4:54 AM Sep 7, 1994


Kuala Lumpur, 6 Sep (TWN) -- Participants at an Asian regional "brainstorming session" on the Trade Agenda of the l990s have expressed strong concern that developing countries might be adversely affected by attempts of some major developed countries to link new issues to trade under the World Trade Organisation.

They feared that the introduction of environment, labour standards and competition policy in the new trade agenda, so soon after the Uruguay Round's completion, would over-tax the capacity of developing country negotiators and governments.

Moreover, the industrialized countries might try to link these issues to trade in the GATT/WTO context in order to reduce the competitiveness of developing country exports or to shift the burden of economic adjustment on to the South.

About l50 participants, including senior trade policy-officials from ten Asian countries (China, India, Sri Lanka, Pakistan, Bangladesh, Malaysia, Indonesia, Thailand, the Philippines, Korea), and academics, civil servants and NGO representatives from Malaysia are attending the three-day meeting.

The meeting has been co-organised by UNCTAD, the Malaysian Institute for Economic Research and the Institute of Diplomacy and Foreign Relations, Malaysia.

The "brainstorming session" is reviewing the programme of work in implementing the Uruguay Round as well as the implications for developing countries of dealing with issues such as trade and environment, competition policy and trade and labour standards, which the North has sought to put on the post-Uruguay Round WTO agenda.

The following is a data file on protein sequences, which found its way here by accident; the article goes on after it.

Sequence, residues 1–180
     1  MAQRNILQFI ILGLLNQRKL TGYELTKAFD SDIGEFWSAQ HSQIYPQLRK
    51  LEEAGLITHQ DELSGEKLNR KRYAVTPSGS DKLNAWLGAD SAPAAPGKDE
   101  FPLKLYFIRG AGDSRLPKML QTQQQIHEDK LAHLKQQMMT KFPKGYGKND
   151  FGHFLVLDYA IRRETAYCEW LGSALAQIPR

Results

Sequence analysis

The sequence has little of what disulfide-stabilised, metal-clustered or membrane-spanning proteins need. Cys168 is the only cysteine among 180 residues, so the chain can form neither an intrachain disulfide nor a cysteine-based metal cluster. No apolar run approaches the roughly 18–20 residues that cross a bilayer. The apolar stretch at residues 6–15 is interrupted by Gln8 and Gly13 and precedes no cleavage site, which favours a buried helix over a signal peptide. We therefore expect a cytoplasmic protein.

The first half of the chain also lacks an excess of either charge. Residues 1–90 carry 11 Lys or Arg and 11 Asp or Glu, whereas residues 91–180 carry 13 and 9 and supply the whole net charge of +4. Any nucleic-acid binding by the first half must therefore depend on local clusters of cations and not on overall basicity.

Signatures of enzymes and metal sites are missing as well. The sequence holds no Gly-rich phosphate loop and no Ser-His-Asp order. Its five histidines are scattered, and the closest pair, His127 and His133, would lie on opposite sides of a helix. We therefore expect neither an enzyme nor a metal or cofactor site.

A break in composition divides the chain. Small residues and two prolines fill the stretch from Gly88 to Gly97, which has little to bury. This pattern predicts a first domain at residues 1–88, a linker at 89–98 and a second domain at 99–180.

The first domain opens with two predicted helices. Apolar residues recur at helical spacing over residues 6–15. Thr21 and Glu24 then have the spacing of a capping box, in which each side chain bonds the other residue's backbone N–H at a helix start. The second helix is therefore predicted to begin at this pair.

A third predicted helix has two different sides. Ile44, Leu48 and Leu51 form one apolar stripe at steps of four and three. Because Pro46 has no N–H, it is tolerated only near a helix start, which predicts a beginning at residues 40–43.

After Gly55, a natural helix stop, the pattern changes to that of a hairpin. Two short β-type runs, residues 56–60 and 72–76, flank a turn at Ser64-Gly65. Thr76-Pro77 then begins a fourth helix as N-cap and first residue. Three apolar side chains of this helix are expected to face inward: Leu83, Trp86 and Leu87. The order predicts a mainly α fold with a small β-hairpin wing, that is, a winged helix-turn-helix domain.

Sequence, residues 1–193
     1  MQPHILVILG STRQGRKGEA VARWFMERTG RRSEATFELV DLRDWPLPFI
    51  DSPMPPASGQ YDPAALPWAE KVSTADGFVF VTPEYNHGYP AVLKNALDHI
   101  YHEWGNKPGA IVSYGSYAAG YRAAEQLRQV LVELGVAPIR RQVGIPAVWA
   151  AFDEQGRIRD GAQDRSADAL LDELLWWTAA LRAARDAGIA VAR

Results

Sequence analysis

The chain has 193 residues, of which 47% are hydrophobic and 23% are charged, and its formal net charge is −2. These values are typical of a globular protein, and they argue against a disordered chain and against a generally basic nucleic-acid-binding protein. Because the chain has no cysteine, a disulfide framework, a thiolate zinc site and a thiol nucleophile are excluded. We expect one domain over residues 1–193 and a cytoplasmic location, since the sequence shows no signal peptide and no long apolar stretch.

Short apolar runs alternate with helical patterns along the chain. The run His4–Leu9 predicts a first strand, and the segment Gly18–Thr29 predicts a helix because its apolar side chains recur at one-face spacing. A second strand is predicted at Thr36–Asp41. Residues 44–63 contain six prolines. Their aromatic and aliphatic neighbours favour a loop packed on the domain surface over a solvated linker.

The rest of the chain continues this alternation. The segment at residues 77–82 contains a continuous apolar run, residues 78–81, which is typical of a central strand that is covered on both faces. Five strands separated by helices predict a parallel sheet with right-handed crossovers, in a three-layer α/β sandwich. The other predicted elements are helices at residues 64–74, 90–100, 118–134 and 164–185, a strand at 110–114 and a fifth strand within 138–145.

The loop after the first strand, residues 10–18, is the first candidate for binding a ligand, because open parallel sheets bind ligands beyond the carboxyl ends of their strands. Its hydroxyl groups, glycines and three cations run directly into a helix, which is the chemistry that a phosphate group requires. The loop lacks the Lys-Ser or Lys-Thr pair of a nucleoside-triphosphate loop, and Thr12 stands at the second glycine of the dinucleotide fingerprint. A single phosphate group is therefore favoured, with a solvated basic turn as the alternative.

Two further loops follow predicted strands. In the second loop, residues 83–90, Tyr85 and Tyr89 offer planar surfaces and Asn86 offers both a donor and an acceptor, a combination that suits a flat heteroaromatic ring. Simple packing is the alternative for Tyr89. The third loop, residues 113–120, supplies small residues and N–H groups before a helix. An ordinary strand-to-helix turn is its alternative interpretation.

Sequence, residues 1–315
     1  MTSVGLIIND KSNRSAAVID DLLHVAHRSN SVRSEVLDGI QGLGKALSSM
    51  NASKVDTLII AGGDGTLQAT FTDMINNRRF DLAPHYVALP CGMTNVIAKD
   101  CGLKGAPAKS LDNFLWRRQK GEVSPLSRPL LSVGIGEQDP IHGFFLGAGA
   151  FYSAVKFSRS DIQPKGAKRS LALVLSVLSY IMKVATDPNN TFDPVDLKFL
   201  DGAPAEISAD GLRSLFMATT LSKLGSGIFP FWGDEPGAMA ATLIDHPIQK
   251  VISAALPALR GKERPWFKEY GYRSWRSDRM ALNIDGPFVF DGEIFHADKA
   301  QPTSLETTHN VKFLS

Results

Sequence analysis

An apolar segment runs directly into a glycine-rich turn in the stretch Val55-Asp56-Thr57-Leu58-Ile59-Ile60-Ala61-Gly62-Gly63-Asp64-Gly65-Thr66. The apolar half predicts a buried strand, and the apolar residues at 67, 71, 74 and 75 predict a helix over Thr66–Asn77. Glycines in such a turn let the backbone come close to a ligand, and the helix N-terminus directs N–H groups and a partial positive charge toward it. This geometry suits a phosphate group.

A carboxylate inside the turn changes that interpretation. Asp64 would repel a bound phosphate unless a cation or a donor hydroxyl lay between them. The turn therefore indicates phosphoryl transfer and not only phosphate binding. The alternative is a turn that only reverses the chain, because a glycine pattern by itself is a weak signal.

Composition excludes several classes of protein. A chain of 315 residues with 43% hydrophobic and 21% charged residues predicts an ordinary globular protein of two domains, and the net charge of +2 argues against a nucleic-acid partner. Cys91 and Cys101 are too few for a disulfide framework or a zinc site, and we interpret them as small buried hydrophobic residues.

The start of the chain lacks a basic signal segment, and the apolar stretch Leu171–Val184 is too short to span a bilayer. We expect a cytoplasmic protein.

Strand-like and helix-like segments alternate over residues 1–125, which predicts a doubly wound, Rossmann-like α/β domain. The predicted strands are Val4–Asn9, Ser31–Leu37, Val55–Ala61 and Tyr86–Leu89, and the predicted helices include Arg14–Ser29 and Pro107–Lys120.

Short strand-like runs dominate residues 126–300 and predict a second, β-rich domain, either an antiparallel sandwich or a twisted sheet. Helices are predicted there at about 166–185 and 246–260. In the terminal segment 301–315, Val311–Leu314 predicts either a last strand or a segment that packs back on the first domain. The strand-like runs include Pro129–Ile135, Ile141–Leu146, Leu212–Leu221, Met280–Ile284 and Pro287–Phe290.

"While we acknowledge the desirability of improving global standards in trade and environment and competition policy, we are nevertheless concerned with the speed at which some countries are moving in their efforts to evolve multilateral rules and disciplines in these areas," said Rafidah Aziz, Malaysia's Minister for International Trade and Industry, when opening the meeting.

"These issues are complex and complicated. It will not be prudent to rush into evolving rules and disciplines when countries are still in the process of understanding how these issues will impact on the global trading system and the domestic trade and economic policies," she said.

Rafidah said that at the Marrakesh Ministerial Meeting, all developing countries, including ASEAN countries, strongly opposed the move to have the WTO examine the linkage between international trade and labour standards.

"Malaysia," Rafida said, "is strongly opposed to moves by major trading countries to link trade with extraneous issues and include them in the work programme of the WTO. International labour standards should be addressed in more competent fora such as the ILO."

She recalled that the ASEAN countries had tabled a joint resolution at the Geneva ILO Conference and had called upon the ILO to resist attempts to link the social clause to international trade. (The resolution was not taken up for discussion due to lack of time.)